The Professional School of Psychology was founded in San Francisco during the late 1970s. It was initiated to bring high-quality graduate education in psychology to the ‘mature learner.’ In those days, it was difficult to find an institution of higher education that understood the complexities of being an older student – a full-time job, a family, bills to pay, and other responsibilities. Most traditional educational institutions required that a student attend day classes during the typical work week, and this was simply not practical for many qualified people who discovered they had both gift and talent to work in the field of psychology. This was particularly the case with the first students at PSP who were providing much-needed services (through an organization called Huckleberry House) to destitute teenagers in San Francisco California. This founding commitment to provide high quality graduate education to those serving vital community interests remains a core commitment of PSP.
PSP was one of the first graduate schools to form around a new educational model called andragogy. This model challenged many of the traditional assumptions of higher education (the so-called pedagogical model]. At PSP, students need not drop everything in order to prepare for a major career shift or enhance their current professional skills. PSP was one of the first graduate schools to offer courses during evenings and, in more recent years, during weekends. Another pedagogical assumption was challenged regarding the purpose of a graduate education to fill the “empty mug”. From the very first, graduate students at PSP have entered their program with a mug full of life experiences. They often have extensive, practical knowledge regarding how to work with people facing major life challenges. Although we had ‘twenty-somethings’ in our programs, our average student age is closer to forty-five than twenty-five. And we attracted students who are in their sixties and even their seventies.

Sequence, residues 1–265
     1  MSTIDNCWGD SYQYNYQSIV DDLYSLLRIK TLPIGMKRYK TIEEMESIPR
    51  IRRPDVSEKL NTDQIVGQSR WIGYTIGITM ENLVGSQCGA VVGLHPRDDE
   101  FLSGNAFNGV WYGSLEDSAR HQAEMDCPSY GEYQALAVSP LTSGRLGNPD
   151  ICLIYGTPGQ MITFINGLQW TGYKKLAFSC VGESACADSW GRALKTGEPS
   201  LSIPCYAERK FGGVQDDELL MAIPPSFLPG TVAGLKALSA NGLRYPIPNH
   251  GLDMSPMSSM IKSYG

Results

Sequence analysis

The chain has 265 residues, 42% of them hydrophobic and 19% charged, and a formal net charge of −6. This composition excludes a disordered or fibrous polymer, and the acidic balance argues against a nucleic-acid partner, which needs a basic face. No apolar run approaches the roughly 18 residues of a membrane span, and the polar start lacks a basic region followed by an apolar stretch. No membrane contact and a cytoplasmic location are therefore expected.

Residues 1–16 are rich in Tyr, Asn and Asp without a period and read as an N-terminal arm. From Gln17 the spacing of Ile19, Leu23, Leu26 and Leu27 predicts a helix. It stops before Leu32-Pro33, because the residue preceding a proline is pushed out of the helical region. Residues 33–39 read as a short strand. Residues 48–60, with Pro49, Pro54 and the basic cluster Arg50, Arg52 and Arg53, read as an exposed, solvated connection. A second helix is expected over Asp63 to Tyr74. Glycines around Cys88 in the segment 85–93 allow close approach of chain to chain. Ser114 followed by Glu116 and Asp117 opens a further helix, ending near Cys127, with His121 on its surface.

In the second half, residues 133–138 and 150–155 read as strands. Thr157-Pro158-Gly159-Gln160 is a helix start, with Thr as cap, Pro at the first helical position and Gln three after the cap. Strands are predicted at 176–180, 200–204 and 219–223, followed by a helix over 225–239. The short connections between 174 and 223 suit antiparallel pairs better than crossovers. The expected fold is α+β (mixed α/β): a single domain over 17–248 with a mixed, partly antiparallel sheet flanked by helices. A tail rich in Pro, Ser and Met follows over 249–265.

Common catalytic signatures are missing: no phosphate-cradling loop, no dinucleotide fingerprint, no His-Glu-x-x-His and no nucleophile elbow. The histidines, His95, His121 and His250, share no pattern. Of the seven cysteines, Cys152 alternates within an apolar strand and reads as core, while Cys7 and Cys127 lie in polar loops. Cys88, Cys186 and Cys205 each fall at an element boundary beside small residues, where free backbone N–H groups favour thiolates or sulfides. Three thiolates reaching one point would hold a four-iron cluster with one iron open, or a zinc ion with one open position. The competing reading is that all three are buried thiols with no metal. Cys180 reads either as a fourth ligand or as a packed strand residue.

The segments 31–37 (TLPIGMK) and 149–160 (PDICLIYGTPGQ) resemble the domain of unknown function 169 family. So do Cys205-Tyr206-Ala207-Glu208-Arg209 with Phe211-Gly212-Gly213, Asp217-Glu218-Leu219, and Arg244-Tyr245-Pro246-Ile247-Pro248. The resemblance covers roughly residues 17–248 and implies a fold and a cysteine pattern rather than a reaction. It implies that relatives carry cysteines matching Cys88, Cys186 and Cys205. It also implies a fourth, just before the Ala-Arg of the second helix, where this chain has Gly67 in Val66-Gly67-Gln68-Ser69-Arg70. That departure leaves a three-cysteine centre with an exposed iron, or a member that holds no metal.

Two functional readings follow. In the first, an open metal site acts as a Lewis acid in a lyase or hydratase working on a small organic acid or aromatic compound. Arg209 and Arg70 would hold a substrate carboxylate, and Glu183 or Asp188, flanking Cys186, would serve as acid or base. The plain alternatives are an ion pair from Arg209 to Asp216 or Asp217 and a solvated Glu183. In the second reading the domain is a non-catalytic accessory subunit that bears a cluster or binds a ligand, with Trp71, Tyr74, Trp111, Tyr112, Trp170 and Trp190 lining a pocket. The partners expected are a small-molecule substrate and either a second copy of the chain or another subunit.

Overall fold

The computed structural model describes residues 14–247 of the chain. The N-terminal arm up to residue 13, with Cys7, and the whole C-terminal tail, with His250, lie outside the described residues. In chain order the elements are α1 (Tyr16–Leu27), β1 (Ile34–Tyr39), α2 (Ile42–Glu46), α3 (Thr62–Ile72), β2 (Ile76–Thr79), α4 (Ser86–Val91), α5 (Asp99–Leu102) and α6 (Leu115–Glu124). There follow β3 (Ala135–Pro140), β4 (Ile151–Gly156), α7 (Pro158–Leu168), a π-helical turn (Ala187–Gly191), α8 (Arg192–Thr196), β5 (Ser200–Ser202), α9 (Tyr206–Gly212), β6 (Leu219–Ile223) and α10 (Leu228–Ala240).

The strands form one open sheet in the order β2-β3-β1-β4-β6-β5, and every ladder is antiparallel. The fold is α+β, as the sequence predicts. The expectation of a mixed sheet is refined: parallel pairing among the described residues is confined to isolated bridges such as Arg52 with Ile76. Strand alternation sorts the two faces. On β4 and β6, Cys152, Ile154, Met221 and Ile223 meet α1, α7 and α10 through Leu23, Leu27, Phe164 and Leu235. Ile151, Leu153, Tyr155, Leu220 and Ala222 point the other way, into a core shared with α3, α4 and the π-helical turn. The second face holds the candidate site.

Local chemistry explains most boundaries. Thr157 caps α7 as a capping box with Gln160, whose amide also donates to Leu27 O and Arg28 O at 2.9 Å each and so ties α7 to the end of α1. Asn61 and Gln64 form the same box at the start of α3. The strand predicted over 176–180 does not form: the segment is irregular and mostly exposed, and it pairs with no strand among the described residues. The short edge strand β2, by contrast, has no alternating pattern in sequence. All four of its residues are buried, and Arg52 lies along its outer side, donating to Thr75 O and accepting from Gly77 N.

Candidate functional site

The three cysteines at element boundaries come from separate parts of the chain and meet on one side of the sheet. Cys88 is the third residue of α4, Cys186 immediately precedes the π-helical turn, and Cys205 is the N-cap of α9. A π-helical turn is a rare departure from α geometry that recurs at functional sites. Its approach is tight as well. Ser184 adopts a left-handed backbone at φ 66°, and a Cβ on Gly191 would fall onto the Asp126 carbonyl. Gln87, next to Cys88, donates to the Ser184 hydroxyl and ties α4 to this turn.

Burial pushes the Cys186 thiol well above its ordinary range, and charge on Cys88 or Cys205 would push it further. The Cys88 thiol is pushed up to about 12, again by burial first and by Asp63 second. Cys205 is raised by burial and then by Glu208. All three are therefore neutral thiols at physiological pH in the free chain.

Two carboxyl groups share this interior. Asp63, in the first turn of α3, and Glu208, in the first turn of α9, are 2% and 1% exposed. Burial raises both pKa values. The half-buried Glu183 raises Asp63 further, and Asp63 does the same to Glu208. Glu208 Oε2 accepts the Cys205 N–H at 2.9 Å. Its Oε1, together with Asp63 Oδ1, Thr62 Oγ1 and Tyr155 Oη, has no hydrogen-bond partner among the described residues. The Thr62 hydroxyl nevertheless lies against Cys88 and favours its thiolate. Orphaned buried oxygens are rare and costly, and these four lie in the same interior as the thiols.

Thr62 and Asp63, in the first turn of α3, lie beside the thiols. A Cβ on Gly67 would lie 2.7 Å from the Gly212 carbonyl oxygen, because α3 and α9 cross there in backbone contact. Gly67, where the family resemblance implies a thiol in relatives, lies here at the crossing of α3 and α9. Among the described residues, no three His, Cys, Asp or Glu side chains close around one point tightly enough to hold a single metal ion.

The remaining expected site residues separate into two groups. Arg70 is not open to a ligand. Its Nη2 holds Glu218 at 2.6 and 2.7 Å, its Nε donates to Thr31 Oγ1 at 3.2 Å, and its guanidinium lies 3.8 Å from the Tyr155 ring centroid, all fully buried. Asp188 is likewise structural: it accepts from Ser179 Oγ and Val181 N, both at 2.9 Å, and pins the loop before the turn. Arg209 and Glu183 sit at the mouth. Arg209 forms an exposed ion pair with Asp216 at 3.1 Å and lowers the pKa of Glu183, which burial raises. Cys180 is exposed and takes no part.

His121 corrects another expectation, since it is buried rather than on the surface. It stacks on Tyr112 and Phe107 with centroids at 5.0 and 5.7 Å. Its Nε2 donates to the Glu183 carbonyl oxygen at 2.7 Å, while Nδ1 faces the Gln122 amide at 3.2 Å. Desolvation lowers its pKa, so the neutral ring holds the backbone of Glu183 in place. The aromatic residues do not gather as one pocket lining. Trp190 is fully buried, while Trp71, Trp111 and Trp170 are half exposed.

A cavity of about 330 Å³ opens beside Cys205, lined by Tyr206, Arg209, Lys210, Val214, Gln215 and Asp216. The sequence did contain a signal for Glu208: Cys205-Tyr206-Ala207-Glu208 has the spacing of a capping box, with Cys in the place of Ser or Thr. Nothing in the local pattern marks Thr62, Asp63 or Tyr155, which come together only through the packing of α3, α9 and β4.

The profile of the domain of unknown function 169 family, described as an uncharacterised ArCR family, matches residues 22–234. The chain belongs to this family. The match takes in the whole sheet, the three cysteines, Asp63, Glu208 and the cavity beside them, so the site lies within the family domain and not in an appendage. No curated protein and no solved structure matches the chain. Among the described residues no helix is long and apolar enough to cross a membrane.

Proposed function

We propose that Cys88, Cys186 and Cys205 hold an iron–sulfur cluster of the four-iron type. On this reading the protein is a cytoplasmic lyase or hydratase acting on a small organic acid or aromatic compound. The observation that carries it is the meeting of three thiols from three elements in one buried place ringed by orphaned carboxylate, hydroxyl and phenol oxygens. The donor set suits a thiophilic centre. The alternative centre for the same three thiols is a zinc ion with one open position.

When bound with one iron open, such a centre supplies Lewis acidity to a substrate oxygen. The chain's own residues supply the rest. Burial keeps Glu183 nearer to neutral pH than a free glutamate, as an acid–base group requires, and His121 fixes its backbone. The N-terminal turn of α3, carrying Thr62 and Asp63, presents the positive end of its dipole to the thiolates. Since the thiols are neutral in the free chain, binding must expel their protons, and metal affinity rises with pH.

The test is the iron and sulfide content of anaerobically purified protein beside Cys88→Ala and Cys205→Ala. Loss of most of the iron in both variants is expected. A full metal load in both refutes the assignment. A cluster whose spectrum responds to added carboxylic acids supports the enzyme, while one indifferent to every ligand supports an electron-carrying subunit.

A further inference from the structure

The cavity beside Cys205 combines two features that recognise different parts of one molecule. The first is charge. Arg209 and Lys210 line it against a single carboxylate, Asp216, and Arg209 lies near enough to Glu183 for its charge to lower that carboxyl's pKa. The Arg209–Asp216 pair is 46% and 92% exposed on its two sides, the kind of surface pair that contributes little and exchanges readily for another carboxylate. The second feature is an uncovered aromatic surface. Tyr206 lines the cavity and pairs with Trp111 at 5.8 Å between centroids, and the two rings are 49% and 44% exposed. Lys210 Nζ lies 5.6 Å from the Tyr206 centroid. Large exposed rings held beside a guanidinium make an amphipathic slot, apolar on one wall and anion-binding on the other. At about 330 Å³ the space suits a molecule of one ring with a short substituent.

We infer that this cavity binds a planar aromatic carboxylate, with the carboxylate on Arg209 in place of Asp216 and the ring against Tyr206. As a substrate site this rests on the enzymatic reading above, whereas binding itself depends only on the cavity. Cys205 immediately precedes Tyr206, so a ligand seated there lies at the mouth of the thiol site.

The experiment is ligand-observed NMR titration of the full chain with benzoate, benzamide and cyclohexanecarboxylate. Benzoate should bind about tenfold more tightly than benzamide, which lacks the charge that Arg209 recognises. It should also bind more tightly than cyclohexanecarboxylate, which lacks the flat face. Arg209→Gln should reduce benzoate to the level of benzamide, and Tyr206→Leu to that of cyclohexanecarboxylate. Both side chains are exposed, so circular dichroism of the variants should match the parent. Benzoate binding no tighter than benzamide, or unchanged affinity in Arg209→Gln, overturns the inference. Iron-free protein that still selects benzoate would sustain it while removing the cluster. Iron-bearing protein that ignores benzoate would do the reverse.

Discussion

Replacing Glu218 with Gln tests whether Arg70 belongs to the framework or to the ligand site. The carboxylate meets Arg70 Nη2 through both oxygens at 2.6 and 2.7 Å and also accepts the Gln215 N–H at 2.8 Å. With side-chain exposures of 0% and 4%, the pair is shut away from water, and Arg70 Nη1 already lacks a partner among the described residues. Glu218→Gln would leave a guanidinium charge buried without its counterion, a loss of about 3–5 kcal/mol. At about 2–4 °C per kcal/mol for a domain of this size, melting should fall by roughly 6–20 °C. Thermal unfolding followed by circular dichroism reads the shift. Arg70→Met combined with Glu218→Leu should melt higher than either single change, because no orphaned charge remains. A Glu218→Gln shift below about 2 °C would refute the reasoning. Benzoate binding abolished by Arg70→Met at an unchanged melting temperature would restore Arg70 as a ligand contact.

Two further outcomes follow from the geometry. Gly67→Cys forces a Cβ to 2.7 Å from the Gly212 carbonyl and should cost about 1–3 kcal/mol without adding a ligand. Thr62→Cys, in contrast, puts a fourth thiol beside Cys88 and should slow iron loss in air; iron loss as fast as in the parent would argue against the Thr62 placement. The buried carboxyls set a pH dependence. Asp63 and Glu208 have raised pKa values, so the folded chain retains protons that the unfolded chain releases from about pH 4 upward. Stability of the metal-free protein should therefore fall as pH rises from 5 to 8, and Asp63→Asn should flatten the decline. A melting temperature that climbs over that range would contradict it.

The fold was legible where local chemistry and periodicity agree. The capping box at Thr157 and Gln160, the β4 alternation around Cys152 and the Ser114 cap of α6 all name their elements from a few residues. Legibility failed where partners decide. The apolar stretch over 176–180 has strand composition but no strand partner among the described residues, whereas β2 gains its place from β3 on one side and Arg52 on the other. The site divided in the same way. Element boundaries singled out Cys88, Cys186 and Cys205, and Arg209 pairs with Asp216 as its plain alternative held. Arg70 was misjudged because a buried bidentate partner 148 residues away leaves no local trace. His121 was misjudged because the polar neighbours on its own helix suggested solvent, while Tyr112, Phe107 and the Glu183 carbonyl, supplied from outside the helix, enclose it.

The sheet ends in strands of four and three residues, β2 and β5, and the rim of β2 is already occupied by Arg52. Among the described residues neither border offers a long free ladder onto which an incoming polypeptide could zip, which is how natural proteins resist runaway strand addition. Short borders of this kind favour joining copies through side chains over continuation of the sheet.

Since the turn of the 21st Century, PSP has taken another step forward in the provision of graduate educational programs to mature, accomplished adults. We now offer senior tutorial programs that significantly increase flexibility in the scheduling of courses for individual students and cohort groups. It also offers a model of education (appreciative) that acknowledges and builds on the wisdom and experience which our students already possess. We begin with the assumption not only that the student’s mug is full, but also that the student has many other mugs of wisdom and experience that are full (even overflowing) that can be even more fully engaged in the student’s areas of greatest passion and commitment. We often find that the most important book for our students to read is the book that they have written (based on extensive interviewing with our students). Our role as senior tutor becomes one of serving as learning coach rather than instructor, and as articulate appreciator rather than as primary source of knowledge. Once again, PSP is at the forefront of graduate education for adult professionals.
There is yet another important step being taken by PSP, as it seeks to sustain its mission of serving the under-served mature adult learners in our challenging world. Though use of both in-person and digitally-mediated class sessions, the school is now serving women and men from throughout the world. These highly committed and talented learners often come from countries that are currently undergoing major changes and are facing the traumatizing experiences of terrorism, economic instability and political turmoil. Thus, from the streets of San Francisco during the late 1970s to the streets of Jakarta, Singapore and Jerusalem in the second decade of the 21st Century, PSP has been an active and important source of adult-oriented and appreciative education in the field of professional psychology.